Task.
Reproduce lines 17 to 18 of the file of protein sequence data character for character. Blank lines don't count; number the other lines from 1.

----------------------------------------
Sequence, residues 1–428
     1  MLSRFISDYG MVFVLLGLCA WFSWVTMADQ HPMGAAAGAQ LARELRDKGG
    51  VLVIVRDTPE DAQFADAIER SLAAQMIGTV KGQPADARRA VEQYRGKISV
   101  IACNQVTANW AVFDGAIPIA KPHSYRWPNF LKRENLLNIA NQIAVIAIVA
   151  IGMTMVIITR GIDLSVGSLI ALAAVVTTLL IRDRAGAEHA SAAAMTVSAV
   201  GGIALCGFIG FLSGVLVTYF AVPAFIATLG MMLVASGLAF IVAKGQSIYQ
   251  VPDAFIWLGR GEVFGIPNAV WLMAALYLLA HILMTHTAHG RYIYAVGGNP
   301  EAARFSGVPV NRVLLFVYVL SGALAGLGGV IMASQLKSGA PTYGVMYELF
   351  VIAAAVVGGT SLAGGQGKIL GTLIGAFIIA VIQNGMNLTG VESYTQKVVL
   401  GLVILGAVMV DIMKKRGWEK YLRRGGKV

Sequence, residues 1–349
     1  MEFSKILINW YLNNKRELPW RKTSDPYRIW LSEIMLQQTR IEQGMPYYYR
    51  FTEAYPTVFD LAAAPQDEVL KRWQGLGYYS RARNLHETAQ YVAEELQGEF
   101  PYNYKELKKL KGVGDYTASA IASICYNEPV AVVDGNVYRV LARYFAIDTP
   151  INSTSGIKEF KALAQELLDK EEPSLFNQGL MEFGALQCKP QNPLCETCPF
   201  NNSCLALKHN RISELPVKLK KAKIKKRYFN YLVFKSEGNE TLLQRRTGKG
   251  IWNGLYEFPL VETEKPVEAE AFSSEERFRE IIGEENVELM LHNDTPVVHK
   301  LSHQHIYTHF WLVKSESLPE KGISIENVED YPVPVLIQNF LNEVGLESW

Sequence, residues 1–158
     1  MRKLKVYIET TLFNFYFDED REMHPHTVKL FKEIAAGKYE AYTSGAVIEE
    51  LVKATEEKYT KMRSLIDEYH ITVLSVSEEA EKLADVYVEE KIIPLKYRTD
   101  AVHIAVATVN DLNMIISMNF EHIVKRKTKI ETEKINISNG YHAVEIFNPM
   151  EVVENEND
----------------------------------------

   251  IWNGLYEFPL VETEKPVEAE AFSSEERFRE IIGEENVELM LHNDTPVVHK
   301  LSHQHIYTHF WLVKSESLPE KGISIENVED YPVPVLIQNF LNEVGLESW